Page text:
Rails provides some good tools like automatically updating
updated_at columns. Developers do not need to worry about these columns.
Rails updates these columns automatically which is great.
However I have a unique business need where I need to update a column but I do not want
updated_at to be changed. Or we can see the problem this way. I want to change the
updated_at to a particular value.
Look at the sql that is generated. Rails discarded the
updated_at value that I had supplied and replaced the value by the current time. Rails works fine if you supply
created_at value. It is the
updated_at value that is discarded.
Rails provides a feature called ActiveRecord::Base.record_timestamps . Using this feature I can tell rails to not to auto time stamp records.
Let’s try that.
It worked. I have successfully set
updated_at to year 1909. However there is a problem.
For a brief duration
User.record_timestamps was set to false. That is a class level variable. It means that for that brief duration if any other User record is updated then that record will not have correct
updated_at value. That is not right. I want just one record ( User.first) to not to change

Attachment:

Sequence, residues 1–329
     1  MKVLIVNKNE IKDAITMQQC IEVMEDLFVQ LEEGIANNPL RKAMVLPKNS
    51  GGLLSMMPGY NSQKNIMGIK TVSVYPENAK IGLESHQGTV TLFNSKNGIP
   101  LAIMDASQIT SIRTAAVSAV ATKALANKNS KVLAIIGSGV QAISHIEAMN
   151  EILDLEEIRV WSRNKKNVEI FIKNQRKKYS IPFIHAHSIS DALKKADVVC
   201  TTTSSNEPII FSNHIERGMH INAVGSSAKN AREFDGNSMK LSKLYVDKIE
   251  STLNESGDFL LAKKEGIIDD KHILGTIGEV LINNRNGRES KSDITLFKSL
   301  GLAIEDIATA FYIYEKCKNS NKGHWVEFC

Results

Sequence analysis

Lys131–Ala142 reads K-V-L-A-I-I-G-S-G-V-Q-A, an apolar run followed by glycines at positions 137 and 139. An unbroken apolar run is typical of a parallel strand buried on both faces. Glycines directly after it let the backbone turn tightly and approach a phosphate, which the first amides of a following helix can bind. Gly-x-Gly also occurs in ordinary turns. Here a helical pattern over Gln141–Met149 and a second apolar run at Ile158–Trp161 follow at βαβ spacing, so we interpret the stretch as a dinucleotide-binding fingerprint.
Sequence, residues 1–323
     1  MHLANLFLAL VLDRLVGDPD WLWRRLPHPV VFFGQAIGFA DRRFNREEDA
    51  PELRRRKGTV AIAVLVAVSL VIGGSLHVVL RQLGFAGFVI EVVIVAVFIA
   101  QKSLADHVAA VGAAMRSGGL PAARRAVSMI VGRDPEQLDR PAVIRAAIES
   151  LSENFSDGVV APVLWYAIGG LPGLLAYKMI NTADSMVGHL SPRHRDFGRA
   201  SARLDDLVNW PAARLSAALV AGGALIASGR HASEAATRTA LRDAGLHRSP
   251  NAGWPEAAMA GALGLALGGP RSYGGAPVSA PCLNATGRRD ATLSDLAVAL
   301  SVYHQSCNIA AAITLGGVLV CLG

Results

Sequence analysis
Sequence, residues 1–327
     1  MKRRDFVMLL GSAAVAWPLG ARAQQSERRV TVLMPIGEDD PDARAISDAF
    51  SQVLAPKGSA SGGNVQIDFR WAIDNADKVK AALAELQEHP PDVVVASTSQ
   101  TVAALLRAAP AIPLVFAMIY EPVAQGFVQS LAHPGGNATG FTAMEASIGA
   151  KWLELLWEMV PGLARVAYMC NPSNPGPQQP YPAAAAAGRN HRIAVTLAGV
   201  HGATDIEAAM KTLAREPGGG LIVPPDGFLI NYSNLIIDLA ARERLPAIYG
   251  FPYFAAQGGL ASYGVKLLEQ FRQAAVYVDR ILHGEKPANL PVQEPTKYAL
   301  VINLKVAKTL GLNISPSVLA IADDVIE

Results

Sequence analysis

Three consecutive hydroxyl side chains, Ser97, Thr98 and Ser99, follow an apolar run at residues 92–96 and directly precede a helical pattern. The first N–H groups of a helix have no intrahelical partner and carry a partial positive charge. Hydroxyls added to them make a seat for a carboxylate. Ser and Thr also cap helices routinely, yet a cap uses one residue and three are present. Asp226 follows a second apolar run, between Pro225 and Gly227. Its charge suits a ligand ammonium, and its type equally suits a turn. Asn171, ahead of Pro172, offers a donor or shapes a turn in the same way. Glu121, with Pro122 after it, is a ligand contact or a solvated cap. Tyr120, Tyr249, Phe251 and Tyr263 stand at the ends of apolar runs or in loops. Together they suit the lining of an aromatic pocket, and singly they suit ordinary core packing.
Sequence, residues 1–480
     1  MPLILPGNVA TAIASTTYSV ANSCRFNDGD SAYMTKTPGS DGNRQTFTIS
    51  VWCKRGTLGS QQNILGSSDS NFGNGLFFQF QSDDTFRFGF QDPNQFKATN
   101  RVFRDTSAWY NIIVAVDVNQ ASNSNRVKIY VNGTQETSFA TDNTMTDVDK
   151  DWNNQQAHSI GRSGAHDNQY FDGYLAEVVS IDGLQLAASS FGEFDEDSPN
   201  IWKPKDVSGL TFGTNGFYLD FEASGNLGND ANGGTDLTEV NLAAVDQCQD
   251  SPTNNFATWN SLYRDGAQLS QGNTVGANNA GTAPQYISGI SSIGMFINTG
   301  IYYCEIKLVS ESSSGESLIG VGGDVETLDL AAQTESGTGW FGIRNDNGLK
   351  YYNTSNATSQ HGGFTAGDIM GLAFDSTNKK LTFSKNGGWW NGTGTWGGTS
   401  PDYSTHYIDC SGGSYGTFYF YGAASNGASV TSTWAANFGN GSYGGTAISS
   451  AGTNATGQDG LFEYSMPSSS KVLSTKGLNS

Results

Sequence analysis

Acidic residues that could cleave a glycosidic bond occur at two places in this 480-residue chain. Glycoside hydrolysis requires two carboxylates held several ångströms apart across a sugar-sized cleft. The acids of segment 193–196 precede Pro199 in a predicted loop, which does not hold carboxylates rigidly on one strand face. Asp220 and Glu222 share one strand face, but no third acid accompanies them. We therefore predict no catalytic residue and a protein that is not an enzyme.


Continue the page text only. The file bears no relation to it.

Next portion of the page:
updated_at without changing the behavior for the whole application.
In order to isolate the behavior to only the record we are interested in, I can do this.
In order to restrict the changes to a model, I am opening up the metaclass of u ( user object) and in that object I am adding a method called
record_timestamps . The idea is to insert a method called
record_timestamps in the metaclass which will return true and in this way the changes are restricted to a single object rather than making change at the class level.
At this point the meta class of the user object has the method
record_timestamps and this returns false. Now I update the record with
updated_at set to 100 years ago. And I succeed.
Now I need to put the object behavior back to normal. I open up the metaclass and call super on the method so that the method call will go up the chain. And that’s what happens when I try to test
updated_at. This time the
updated_at value that I set is ignored and rails changes the
This strategy of opening up an instance object works but it is messy. I would like to have a method that is much easier to use and this is what I came up with. Stick this piece of code in an initializer.
This is how you can use it.
Good usage of remove_method
In the above solution I used super when I want to bring back the default auto time stamping behavior. In stead of super I can also use remove_method. More about the what remove_method does is here .
Using the above technique, I can fully control
updated_at values without rails messing up anything.